The business case for building sustainability into your operations
- Posted on November 24, 2023
- Estimated reading time 5 minutes
Sustainability has become a political hot button, from accusations of greenwashing to those who see any movement as an overreaction to the climate hoax. With the impact on the brand being uncertain and limited resources in a volatile macroeconomic environment is there any benefit to pursuing sustainability efforts as an organization?
Yes. There are several, and most have everything to do with business performance and not as much to do with brand and reputation. According to Gartner, 80% of business leaders reported that their sustainability programs help to reduce their organization’s costs i , and Forrester reports that 86% of business leaders see sustainability as an investment that protects their organizations from disruption ii. Sustainability is stepping into its own as a driver of value for organizations looking to create a long-term future for themselves.
Sustainability as a business driver
In this third decade of the 21st century, we have seen how easily supply chains can be disrupted at a small scale or globally. Even a small interruption anywhere in the supply chain can cause delays in product launches, resupplies, deliveries and have a negative impact on revenue and reputation.
Being able to weather a storm’s effect on your supply chain requires resilience, and here is where sustainability becomes an important business driver. While resilient supply chains are not more sustainable by default, sustainable supply chains are more resilient. We’ll come back to this idea soon.
There is another imperative driving the need to build sustainability into your organization and supply chain—the finite resources on the planet we all share. SSE Renewables, the world’s leading off-shore wind producer is a great example of bringing sustainable solutions across multiple areas of the business. They took a comprehensive view of the environmental impact of their wind farms looking at species monitoring, operational efficiencies, and circularity with wind turbine parts. We must remain within the planetary limits of consumption of materials and energy. This applies not just to CO2 emissions, but to pollution, land use, water consumption, biodiversity, ocean acidification, and so on. Getting creative around how we use and re-use resources will ensure our ability to participate in a global economy sustainably.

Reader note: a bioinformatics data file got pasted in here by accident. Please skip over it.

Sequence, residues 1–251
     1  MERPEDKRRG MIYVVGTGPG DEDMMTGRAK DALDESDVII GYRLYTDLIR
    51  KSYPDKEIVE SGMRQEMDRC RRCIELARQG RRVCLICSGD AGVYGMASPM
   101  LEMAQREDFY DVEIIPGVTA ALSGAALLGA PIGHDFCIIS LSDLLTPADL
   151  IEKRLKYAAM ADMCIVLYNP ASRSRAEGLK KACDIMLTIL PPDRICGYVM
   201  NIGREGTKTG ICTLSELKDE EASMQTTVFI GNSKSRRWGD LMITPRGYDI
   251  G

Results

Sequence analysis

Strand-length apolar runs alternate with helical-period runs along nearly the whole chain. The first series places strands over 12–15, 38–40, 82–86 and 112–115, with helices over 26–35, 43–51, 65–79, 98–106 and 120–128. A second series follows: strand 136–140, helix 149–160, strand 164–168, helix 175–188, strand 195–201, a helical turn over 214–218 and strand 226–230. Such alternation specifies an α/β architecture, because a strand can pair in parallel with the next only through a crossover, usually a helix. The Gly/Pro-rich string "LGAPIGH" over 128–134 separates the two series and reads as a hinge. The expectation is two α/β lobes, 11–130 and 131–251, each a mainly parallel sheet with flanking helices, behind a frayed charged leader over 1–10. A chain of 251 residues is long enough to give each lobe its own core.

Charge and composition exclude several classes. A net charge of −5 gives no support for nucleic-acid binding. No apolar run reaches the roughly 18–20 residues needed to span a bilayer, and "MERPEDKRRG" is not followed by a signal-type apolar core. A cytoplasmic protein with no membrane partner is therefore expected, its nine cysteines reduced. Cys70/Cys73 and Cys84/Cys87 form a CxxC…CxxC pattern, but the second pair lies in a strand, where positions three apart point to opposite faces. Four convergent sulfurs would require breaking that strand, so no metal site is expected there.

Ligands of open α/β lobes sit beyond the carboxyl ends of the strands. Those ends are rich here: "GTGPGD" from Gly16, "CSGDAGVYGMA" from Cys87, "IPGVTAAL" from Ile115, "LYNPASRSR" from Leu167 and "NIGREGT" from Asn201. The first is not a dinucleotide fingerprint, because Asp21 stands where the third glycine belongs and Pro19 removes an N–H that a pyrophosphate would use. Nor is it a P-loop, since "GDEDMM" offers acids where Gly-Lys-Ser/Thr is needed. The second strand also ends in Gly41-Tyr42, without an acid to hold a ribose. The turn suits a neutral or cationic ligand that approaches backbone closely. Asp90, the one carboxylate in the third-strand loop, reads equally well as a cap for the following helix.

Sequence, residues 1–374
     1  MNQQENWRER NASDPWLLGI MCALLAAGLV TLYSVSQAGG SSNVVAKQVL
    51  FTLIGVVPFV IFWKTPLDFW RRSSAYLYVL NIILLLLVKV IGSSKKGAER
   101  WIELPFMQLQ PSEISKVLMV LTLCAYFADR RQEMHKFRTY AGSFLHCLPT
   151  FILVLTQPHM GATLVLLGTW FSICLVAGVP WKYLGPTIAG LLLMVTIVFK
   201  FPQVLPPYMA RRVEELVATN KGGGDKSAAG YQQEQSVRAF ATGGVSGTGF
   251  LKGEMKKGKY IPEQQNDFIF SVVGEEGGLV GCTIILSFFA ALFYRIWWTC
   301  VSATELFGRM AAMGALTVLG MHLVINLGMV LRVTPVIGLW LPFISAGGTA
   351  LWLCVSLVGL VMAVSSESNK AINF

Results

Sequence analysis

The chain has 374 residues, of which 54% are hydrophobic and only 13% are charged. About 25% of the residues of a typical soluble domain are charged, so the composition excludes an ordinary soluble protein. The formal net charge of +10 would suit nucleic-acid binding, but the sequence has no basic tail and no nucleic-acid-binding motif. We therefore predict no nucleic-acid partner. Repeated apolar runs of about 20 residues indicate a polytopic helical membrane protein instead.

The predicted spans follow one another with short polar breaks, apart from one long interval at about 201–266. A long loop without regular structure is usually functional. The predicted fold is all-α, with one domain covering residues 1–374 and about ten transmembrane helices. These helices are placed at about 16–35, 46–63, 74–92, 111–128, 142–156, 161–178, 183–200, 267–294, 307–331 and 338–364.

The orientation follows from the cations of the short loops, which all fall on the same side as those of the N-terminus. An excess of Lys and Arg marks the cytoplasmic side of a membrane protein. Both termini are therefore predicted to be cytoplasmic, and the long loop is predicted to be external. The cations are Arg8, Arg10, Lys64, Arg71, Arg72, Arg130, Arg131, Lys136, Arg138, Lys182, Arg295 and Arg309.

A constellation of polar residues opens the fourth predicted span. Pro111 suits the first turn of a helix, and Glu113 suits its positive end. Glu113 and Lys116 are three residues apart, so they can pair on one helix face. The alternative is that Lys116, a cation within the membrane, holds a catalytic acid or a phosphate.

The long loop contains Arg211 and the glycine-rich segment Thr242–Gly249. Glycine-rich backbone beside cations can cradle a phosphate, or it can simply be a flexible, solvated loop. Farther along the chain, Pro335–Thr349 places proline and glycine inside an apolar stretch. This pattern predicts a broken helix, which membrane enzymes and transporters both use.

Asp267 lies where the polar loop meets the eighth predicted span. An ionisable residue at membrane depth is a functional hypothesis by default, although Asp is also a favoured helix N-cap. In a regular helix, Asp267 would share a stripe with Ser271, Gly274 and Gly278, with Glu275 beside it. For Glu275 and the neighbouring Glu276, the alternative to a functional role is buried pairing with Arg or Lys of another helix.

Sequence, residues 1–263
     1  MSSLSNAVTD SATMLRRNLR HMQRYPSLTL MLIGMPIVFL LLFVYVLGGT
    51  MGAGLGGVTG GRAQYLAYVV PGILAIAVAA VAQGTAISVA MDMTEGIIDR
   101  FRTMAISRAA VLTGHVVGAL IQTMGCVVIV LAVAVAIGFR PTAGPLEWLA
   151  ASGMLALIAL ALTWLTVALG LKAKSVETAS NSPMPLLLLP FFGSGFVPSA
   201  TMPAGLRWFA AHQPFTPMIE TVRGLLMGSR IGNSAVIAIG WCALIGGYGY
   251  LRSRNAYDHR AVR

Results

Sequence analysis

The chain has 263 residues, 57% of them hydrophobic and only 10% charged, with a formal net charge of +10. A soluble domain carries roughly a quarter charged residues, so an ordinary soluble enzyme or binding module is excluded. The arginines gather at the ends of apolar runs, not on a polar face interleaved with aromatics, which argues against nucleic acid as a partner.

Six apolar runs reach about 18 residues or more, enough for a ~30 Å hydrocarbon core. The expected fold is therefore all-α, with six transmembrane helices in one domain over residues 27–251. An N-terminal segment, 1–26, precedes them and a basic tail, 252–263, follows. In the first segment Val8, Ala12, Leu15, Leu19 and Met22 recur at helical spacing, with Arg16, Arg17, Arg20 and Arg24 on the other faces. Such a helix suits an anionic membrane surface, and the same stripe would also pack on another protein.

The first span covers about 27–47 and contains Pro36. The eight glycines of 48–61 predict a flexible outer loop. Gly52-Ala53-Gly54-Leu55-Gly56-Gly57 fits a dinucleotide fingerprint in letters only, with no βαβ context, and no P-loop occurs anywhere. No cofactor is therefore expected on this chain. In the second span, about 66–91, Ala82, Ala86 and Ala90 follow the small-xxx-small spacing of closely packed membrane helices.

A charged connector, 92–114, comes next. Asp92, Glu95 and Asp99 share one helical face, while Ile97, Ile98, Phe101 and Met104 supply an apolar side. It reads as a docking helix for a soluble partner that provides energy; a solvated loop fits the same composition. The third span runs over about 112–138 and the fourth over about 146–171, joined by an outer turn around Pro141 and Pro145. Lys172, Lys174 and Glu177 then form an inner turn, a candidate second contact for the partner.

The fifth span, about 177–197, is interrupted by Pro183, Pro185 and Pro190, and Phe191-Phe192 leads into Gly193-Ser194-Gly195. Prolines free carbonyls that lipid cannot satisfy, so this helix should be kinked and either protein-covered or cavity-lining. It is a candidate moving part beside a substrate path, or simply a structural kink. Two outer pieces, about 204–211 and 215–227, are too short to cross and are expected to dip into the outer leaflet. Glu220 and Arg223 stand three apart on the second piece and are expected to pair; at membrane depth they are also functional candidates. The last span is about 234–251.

Rethinking the supply chain
We are accustomed to thinking about the supply chain as getting supplies into the hands of consumers and B2B partners as quickly and efficiently as possible. When it comes to sustainable and resilient supply chains, we need to broaden our focus and look at the entire system across a longer time. Sustainable supply chains must grow beyond the individual and consider society as a whole and ultimately the planet with its finite resources. This often includes a change in behavior by everyone involved in the supply chain.
Our colleague Francesca Tassistro shares some thoughts on how this change can be accomplished in her article on “Designing Beyond Today: Collaborative Perspectives for a Sustainable Tomorrow”. There she explores design methods such as systemic design (which thinks holistically), behavioral design (which works interdisciplinary with behavioral scientists), and speculative design (which thinks about possible scenarios in the future and, above all, can uncover undesirable side effects.) Francesca arrives at a concept called “life-centered design” that looks beyond the perspective of the individual person or company and beyond the needs of today.